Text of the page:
As the chair of the ACT Consultative Panel for the Black Spot Programme, I am very keen to see this bill pass as it also continues funding to this vitally important program. The Black Spot Program provides funding to address road sites that are high-risk areas for serious crashes. It is a key part of the commitment to reduce crashes on Australian roads, save lives and reduce road trauma by funding measures such as traffic signals, roundabouts and increased signage at dangerous locations to reduce the risk of crashes. These programs are incredibly effective, saving the community many times the cost of the relatively minor road improvements that are implemented. An evaluation by the Bureau of Infrastructure, Transport and Regional Economics recently estimated that the program reduces casualty crashes at treated sites by 30 per cent.

I was pleased last month to be able to announce that the ACT would receive $1.1 million to upgrade and fix a number of dangerous black spots in our community. Here in the ACT additional funding of $452,000 has been made to install traffic signals at Jerrabomberra Avenue, Captain Cook Crescent and Sturt Avenue in order to fix a dangerous intersection, address a proven history of crashes and prevent the loss of life. Here in the ACT we are taking pre-emptive action through the Black Spot Program to upgrade signage at the intersection of Coulter Drive and John Cleland Crescent in Florey. We are installing animal fencing, additional reflectors and an upgrade to signage on the Tuggeranong Parkway, from Lady Denman Drive to Cotter Road Ramp East. And we are installing a high- angle approach for left-hand turns out of Well Station Road, as well as the upgrade of existing traffic signals at the intersection of Gungahlin Drive and Well Station Road in Mitchell. All of these measures are being put in place through the Black Spot Program to reduce crashes, to prevent road trauma, to save lives and to improve road safety.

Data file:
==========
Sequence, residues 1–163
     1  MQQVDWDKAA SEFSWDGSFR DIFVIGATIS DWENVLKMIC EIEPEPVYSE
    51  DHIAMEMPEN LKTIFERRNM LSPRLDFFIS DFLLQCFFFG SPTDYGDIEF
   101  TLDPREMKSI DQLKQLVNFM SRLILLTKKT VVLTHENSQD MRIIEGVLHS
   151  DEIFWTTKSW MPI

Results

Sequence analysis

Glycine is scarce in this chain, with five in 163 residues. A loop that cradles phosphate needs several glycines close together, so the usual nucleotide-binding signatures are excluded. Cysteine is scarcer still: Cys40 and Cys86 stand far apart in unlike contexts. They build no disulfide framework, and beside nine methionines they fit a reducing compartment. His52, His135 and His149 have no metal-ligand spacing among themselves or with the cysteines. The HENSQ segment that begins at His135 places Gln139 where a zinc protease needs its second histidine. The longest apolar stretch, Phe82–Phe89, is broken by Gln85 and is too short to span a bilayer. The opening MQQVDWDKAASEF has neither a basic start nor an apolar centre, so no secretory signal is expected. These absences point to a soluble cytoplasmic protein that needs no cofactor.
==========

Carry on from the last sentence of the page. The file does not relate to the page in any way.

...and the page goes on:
I was pleased to see that the 2014 budget allocated an additional $1.6 million to the ACT for the Black Spot Program. I will continue to engage widely with the ACT community to investigate potential locations that could be fixed under the Black Spot Program in order to maximise its effectiveness and potential here in my community. Nationally, the government's commitment also provides an additional $200 million over two years for this program. This totals a record $500 million to the Black Spot Program allocated by the coalition in the 2014 budget.